On six occasions as a Blue Jay, Clancy logged more than 215 innings in a season (1980; 1982-1984; 1986-1987), leading the AL in innings pitched in 1982 and 1984. It’s not surprising then to learn that Clancy is second in franchise history with 2,204 2/3 innings pitched.

An All-Star in 1982, Clancy is also in the top five in Blue Jays history in strikeouts (1,237), complete games (73) and complete-game shutouts (11).

Ad – content continues below

5. Roger Clemens (1997-1998)

Best Season With The Blue Jays: 1997 – 21-7 with a 2.05 ERA, 222 ERA+, 2.25 FIP, 1.030 WHIP, 292 strikeouts, nine complete games and a 10.7 fWAR

Career Stats With The Blue Jays: 41-13 with a 2.33 ERA, 196 ERA+, 2.44 FIP, 1.061 WHIP, 563 strikeouts, 14 complete games and 18.9 fWAR

Yes, Clemens only spent two seasons in Toronto. But he won the AL Cy Young Award in both campaigns, so he had to be on this list.

After leaving the Boston Red Sox in free agency to join the division-rival Blue Jays on a four-year, $40 million deal, Clemens had about as good of a season as any in his illustrious career in 1997. He led baseball in wins (21), ERA+ (222), FIP (2.25) and innings pitched (264).

Clemens had to settle for only the best marks in the AL in ERA (2.05), complete games (nine), complete-game shutouts (three), strikeouts (292) and WHIP (1.030). The 10.7 fWAR he posted in that year was by far the best single-season mark of his career.

In 1998, he didn’t necessarily match what he did the year prior, but he was still arguably as good as any pitcher in the sport. He went 20-6 with matching 2.65 marks in terms of ERA and FIP, which were both the best in the AL. “The Rocket” also led the AL in strikeouts (271), ERA+ (174), H/9 (6.5), HR/9 (0.4) and strikeouts (10.4).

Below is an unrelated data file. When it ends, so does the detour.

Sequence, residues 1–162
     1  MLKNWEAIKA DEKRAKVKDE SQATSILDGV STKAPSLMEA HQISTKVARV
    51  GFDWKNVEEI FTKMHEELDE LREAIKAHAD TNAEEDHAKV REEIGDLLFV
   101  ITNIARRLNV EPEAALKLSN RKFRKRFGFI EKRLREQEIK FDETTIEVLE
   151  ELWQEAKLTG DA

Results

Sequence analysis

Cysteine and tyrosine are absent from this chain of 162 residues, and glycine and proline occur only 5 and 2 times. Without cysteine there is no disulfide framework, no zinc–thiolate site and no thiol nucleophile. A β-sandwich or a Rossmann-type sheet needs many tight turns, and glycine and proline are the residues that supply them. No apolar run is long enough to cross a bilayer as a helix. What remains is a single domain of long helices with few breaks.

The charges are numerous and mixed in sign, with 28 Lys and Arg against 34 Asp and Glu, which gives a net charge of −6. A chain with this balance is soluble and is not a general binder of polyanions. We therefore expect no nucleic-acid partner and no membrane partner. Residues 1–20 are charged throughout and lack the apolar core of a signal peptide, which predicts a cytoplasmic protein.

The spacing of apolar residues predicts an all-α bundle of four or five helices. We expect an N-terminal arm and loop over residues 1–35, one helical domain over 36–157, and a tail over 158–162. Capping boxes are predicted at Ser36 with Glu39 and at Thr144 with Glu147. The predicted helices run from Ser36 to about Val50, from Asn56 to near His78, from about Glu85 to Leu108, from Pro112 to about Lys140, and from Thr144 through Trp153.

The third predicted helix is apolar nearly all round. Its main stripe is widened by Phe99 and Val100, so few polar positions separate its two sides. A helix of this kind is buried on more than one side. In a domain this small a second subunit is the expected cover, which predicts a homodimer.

Ad – content continues below

Clemens was traded to the Yankees after winning his second straight AL Cy Young Award. Both his short tenure with the Blue Jays and the fact that trainer Brian McNamee alleges he started injecting Clemens with performance-enhancing drugs in 1998 have tarnished the righty’s legacy in Toronto.

But man, it’s hard to do much better on paper than he did in 1998 and 1999.

4. Tom Henke (1985-1992)

Best Season With The Blue Jays: 1987 – 0-6 with a 2.49 ERA, 182 ERA+, 2.33 FIP, 0.926 WHIP, 128 strikeouts, 34/42 (81%) on save attempts and a 3.3 fWAR

Career Stats With The Blue Jays: 29-29 with a 2.48 ERA, 167 ERA+, 2.53 FIP, 1.025 WHIP, 644 strikeouts, 217/254 (85%) on save attempts and 16.2 fWAR

For as impressive as Ward was, it’s Henke who gets the nod as the greatest reliever in the history of the Blue Jays.

Henke was an All-Star in 1987, the same season that he led the AL with 34 saves and MLB with 62 games finished. Henke is also the franchise’s all-time leader in those two categories, with 217 saves and 386 games finished for Toronto.

Ad – content continues below

“The Terminator” was part of the first World Series-winning team in 1992 and owns the franchise records for career ERA (2.48), FIP (2.53) WHIP (1.025), H/9 (6.570) and K/9 (10.295).

Henke was inducted into the Canadian Baseball Hall of Fame in 2011.

3. Jimmy Key (1984-1992)

Best Season With The Blue Jays: 1987 – 17-8 with a 2.76 ERA, 164 ERA+, 3.61 FIP, 1.057 WHIP, 161 strikeouts, eight complete games and a 5.6 fWAR

Career Stats With The Blue Jays: 116-81 with a 3.42 ERA, 121 ERA+, 3.70 FIP, 1.196 WHIP, 944 strikeouts, 28 complete games and 28.1 fWAR